Re: “Fed Ties New Aide To Jobs Recovery In Forceful Move”

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Source: Reuters

Dear Editor,

Your September 14 article, “Fed Ties New Aide to Jobs Recovery in Forceful Move” suggests that the institutions new round of asset purchases based on employment targeting is unlikely to pay significant dividends domestically. However, the article fails to address the serious impact of further U.S. monetary expansion in developing nations.

During an April 2012 visit to the White House Dilma Rousseff, the president of Brazil, criticized U.S. expansionist monetary policy [1]. Ms. Rousseff argued correctly that such policy whims are almost certainly to result in a depreciated U.S. dollar and consequently slow growth in related emerging economies. In line with Rousseff’s beliefs, within the first 48 hours after the Fed’s policy announcement, the U.S. Dollar depreciated .79% in respect to the Brazilian Real [2]. Further appreciation of the Brazilian Real, an already over-valued currency, is likely to slow Brazilian industrial output, which has fallen 5.5% since June 2011 [3].

In order to combat the rise of the Real, on Monday the Brazilian Central Bank began to sell large quantities of reverse swap contracts [4]. Such intervention requires the holding of large foreign currency reserves. These holdings are commonplace among developing nations and are used to hedge against fluctuations in global liquidity and trade. The requirement to hold large amounts of foreign currency reserves has the capacity to limit the fiscal space for emerging economies to spend on vital social and infrastructure programs, consequentially cutting growth. U.S. expansionary monetary policy only serves to exasperate this problem. In the place of using monetary policy to aide a struggling domestic economy, the hope should be that U.S. fiscal expansion and greater policy certainty are witnessed. This combination would not only quicken growth domestically but would also contribute to global demand and stability.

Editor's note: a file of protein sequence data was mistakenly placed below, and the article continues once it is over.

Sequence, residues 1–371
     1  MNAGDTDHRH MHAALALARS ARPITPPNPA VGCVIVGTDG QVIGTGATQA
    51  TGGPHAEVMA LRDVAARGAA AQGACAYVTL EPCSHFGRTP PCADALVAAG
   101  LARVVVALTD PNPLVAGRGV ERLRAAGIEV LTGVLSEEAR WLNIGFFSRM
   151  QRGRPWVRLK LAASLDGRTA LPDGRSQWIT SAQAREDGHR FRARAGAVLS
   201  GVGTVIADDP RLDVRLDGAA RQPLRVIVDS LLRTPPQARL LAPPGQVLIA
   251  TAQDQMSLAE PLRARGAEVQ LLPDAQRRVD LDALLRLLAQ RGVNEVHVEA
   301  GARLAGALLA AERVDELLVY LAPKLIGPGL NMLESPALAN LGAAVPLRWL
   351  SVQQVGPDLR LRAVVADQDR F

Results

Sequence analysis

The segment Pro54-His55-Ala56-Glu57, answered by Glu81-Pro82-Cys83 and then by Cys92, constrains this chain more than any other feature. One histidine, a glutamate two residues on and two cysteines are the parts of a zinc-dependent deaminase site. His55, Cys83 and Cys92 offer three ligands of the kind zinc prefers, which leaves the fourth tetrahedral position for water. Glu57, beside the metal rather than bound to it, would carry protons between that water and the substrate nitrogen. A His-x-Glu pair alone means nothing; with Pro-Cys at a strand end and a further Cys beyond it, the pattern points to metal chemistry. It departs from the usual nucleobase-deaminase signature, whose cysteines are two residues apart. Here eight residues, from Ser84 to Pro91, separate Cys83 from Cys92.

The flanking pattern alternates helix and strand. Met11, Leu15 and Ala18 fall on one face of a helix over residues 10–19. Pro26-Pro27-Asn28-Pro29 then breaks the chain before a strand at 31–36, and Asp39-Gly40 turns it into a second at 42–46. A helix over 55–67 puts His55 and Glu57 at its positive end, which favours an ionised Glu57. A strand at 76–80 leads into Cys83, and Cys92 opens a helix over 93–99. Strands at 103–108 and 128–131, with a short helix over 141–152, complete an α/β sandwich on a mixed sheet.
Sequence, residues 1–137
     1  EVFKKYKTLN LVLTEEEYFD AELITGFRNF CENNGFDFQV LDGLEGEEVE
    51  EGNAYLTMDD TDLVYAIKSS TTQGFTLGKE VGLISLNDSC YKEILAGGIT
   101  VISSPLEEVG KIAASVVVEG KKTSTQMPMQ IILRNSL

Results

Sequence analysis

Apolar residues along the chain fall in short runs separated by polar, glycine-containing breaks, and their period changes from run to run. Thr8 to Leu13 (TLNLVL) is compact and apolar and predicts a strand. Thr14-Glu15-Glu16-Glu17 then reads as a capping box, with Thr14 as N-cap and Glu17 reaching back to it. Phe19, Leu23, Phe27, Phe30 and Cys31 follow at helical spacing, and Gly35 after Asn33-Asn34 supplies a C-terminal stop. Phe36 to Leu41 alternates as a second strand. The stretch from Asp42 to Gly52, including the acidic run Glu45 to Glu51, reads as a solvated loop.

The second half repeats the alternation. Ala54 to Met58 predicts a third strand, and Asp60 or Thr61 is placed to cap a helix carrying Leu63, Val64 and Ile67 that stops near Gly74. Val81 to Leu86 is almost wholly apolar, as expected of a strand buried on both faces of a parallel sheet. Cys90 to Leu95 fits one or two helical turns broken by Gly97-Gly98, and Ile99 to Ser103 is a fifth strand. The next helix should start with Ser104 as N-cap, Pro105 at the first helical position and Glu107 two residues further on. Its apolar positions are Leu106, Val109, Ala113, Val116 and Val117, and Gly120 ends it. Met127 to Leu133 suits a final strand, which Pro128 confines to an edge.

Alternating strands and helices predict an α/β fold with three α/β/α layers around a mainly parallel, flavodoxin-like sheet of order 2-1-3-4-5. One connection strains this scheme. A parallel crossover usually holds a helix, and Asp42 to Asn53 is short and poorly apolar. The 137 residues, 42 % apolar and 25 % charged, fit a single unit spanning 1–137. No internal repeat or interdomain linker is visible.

Alec Lee, Research Associate at Council on Hemispheric Affairs


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In response to: Appelbaum, Binyamin. “The Fed Ties New Aide to Jobs Recovery in Forceful Move” New York Times, September 14, 2012.


[1] “Brazilian President Criticizes U.S. Monetary Policy in White House Visit”, April 10, 2010

[2] Martins, Arícia and Giffoni Carlos. “Governo continuará atuando para evitar apreciação do real, diz Barbosa” Valor Econômico, September 17, 2012

[3] Murphy, Tom. “Brazil’s Industrial Output Has Turned The Corner –Mantega” The Wall Street Journal, August 1, 2012

[4] Martins, Arícia and Giffoni Carlos. “Governo continuará atuando para evitar apreciação do real, diz Barbosa” Valor Economico, September 12, 2012